A Museum Studies classmate turned exhibition design firm colleague once remarked that she pursued design as a career because it combined her interest in art with an appreciation for engineering inherited from her engineer father. This is the best definition I’ve heard of design and its importance–it’s not just about making things pretty (the art side), but functional and usable through visual and physical cues (the engineering side).
That is the main point of this week’s readings (for the two of you following at home, scroll to January 30): design creates the form and function of everything, and sends its own cues. This is an important lesson for historians, particularly in a climate where our work will increasingly be on the Internet or in other media, and where we will be interacting frequently with designers, if not designing ourselves.
In history, we are used to privileging text, as can be seen sometimes when historians review museum exhibitions and focus solely on the text. This means they miss the messages sent by the space, which is planned just as meticulously to convey the exhibition’s messages and themes. For an example of this, see the back and forth between Alan Singer and Richard Rabinowitz over the New-York Historical Society’s Revolution! exhibition (an exhibition I loved, for what it’s worth)–Singer’s critique focuses almost exclusively on the exhibition’s text. While the text is an important component of the exhibition, it is merely a component.
No matter what, the design of something contains a message. Let’s look at the main publications of the three professional organizations with which I associate myself: the American Association of Museums (disclosure: my wife works there, but not on the publication), the National Council on Public History, and the American Historical Association. Each reflects its organization and its audience. AAM’s Museum is glossy, with numerous color photos and a magazine-style layout. The American Historical Review, by contrast, conveys heft both by its bulkiness and its design. The cover is plain, with one image and serif type on a white background. Public Historian falls in the middle: It contains photos on the cover and more color.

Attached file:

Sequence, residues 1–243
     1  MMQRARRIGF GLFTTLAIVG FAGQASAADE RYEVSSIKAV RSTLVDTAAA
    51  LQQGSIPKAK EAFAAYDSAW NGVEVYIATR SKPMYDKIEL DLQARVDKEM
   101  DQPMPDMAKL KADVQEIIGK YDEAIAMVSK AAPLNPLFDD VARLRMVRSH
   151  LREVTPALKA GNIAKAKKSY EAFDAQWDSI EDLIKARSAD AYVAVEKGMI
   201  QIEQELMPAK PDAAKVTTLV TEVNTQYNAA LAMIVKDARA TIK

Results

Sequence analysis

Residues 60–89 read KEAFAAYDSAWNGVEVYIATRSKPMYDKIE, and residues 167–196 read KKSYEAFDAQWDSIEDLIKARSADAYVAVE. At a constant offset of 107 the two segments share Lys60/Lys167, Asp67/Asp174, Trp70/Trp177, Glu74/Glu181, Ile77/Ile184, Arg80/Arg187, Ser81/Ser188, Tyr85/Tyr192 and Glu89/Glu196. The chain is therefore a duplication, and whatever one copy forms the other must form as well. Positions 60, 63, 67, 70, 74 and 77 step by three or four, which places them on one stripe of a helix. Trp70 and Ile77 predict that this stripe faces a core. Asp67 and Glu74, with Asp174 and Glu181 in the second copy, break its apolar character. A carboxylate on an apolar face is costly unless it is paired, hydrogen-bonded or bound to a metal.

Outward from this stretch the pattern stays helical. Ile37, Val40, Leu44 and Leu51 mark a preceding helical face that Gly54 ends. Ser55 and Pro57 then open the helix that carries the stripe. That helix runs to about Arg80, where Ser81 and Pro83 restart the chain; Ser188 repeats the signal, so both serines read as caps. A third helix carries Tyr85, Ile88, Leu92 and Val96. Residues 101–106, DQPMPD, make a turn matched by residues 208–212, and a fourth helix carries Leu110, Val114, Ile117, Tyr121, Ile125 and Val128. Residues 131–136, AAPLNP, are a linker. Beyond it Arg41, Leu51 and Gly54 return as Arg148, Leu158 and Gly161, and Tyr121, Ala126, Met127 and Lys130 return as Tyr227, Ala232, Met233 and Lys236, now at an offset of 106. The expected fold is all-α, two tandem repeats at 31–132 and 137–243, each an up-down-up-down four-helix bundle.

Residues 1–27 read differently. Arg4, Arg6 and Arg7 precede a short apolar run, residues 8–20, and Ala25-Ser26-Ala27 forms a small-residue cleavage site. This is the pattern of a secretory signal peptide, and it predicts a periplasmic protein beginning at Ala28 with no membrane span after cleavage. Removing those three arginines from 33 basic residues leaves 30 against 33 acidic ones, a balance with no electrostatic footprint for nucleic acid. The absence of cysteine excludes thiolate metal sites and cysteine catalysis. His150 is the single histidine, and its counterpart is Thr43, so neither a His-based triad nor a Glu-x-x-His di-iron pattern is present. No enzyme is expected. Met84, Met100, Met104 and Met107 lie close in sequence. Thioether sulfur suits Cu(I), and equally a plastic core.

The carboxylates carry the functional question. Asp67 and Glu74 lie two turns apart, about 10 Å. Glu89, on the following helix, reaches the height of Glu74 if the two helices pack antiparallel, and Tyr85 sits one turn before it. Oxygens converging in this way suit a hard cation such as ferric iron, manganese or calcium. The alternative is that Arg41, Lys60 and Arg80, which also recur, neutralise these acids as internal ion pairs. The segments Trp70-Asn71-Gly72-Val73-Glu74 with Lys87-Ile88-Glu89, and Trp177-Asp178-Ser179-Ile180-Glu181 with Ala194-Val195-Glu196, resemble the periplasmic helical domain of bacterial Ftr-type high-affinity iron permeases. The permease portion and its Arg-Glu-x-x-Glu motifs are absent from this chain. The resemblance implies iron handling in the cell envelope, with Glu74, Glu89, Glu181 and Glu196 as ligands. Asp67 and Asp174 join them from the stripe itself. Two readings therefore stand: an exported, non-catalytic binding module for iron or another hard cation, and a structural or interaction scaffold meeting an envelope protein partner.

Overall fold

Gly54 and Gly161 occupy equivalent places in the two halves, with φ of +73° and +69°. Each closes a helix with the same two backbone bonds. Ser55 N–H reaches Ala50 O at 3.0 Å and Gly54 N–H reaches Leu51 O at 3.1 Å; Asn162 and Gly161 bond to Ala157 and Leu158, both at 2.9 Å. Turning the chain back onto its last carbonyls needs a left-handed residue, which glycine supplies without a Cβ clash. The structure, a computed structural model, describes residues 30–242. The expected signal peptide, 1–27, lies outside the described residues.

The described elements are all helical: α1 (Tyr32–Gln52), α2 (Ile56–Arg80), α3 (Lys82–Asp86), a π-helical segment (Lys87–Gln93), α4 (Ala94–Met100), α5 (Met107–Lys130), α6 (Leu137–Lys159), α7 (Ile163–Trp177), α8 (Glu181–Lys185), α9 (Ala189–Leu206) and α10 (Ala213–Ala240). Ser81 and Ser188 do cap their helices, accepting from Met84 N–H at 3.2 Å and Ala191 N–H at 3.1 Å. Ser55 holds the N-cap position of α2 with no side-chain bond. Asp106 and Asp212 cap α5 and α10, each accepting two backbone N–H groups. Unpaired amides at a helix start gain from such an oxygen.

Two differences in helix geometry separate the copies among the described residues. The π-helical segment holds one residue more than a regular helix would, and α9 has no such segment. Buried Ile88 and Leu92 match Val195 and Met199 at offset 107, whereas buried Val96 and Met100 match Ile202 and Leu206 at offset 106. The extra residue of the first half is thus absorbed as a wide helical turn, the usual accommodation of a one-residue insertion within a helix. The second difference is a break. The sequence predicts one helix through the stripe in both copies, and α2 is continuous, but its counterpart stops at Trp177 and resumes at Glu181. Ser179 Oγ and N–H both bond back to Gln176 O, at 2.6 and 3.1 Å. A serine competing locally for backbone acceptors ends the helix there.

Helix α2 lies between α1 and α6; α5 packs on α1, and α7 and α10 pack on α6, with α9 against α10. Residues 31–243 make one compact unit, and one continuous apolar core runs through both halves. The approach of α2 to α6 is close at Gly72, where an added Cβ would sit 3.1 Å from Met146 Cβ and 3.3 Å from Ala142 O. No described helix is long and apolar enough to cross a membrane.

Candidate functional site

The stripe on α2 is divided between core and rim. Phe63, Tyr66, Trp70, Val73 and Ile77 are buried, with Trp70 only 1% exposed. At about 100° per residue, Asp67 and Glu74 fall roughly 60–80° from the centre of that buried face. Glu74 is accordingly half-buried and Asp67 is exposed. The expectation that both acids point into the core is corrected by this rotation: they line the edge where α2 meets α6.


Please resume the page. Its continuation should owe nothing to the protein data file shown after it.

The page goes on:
What messages do they convey? Museum serves a field where conveying messages visually in physical and digital spaces is paramount. Public Historian serves a field with similar concerns, albeit one where text is more privileged. American Historical Review, by contrast, serves a field whose traditional means of communication–at least those that advance one’s career–consist of monographs and article. In other words, text is privileged.
When we historians are communicating with others who privilege text, perhaps a design like that of the American Historical Review makes sense. It conveys extreme seriousness, perhaps even turning off others outside the profession (and, I suspect, many within). But as more of our work goes online, and as even those in academia (those few who get jobs on that path, at least) hopefully work with museums and historic sites, we need to have a greater understanding of design.
As B.J. Fogg’s report on website credibility notes, design is the first cue of credibility for many, not just on the Web. Even if we are not actually the people designing our own websites (or museum exhibitions), we need to be aware of the language of design for communicating with designers. The era where we could not be concerned with design is over, if it ever existed. We convey meaning through more than our words.